Interleukin-6 Biomarker as Possible Predicator of Preeclampsia
Published: 1 October 2022
Abstract: Preeclampsia (PE) is a serious illness that can harm both mothers and unborn children and may even be fatal. It contributes significantly to maternal fatalities in underdeveloped countries. PE, which affects 2%–3% of women who are pregnant after 20 weeks of pregnancy, is marked by proteinuria and hypertension. PE is a significant condition that plays a significant role in maternal fatalities in underdeveloped countries and is a significant cause of death for both mothers and newborns. Each year, around 60,000 maternal fatalities occur in the world. Serum interleukin-6 (IL-6) was measured in pregnant women during the first trimester and second trimesters. IL-6 was necessary to establish serum biomarkers that can accurately predict the onset of preeclampsia. In a prospective cohort study that was conducted in the Obstetrics and Gynecology Department and Antenatal Care Unit at Maternity and Pediatrics Teaching Hospital in AL-Diwaniyah – Iraq, 160 pregnant patients between the years of 20 and 40 who were normotensive and had gestational ages of 10 to 13 weeks were included in this research between August 2021 and May 2022. Bioassays for IL-6 were conducted after blood samples were obtained. At the end of the study, it was confirmed that for women with pre-eclampsia (n = 33, 22.0%) and those women with no pre-eclampsia (n = 117, 78.0 %), there was no significant difference in the level between the preeclampsia and no preeclampsia group (p > 0.05).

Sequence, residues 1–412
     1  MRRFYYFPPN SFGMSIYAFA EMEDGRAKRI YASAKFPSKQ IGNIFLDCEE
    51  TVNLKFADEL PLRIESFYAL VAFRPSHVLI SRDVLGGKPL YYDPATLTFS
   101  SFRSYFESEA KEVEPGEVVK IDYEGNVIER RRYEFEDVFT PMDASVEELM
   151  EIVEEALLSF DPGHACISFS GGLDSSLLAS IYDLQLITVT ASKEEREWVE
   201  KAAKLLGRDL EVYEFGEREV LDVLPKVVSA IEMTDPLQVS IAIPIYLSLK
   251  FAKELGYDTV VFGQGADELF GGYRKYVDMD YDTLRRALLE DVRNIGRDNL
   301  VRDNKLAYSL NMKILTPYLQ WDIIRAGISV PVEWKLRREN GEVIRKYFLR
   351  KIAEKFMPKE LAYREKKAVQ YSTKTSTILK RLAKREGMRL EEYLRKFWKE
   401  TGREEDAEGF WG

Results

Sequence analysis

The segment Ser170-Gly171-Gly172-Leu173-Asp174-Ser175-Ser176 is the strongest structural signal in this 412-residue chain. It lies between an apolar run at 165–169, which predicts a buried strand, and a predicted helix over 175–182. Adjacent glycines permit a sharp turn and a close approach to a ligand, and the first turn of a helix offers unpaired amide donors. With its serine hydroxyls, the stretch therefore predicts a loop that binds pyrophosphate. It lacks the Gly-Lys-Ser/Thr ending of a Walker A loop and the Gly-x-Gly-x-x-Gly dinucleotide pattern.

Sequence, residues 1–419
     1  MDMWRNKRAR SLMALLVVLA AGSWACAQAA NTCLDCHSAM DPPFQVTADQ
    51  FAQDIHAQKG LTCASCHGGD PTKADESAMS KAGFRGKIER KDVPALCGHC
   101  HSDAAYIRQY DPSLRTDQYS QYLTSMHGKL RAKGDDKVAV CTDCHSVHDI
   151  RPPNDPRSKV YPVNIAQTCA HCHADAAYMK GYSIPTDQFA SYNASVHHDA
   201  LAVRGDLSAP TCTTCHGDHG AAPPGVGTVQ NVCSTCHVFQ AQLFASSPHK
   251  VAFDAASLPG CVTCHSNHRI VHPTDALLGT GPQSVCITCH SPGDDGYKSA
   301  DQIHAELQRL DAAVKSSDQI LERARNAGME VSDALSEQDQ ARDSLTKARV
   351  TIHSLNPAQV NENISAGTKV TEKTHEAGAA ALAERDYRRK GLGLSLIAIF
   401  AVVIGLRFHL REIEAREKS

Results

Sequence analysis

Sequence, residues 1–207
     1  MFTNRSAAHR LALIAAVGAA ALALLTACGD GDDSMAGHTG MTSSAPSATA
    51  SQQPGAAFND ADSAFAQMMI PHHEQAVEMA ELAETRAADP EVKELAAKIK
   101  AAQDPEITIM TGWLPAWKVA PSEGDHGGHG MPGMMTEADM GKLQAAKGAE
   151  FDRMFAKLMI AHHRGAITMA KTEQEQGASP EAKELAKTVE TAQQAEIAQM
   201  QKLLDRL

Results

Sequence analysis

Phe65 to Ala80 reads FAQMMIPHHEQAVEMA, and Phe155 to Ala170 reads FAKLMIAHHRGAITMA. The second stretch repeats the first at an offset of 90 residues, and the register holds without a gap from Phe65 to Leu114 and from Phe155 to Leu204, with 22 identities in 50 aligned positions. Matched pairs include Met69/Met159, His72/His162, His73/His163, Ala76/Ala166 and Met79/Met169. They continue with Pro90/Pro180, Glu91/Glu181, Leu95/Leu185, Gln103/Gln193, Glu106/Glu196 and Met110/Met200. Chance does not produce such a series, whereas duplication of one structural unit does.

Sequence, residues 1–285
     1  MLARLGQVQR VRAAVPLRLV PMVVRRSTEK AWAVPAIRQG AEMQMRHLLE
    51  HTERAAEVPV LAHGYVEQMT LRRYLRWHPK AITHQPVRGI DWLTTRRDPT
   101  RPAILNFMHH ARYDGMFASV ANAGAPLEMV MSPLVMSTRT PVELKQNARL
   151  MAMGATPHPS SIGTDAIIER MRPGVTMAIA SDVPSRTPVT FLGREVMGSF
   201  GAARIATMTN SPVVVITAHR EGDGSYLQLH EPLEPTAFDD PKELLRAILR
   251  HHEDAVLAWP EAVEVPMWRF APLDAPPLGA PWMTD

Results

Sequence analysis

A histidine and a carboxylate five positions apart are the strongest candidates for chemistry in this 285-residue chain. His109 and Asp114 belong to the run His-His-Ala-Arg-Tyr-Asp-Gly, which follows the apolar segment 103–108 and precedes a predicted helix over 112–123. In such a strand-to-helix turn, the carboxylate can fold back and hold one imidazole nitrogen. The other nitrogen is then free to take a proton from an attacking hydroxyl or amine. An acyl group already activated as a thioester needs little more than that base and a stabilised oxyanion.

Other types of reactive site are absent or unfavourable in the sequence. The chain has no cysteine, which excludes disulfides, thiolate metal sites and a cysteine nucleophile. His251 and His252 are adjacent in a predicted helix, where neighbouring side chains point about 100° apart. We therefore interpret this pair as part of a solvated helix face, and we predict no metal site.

Keywords: children / preeclampsia / maternal fatalities / trimesters / underdeveloped / pregnant
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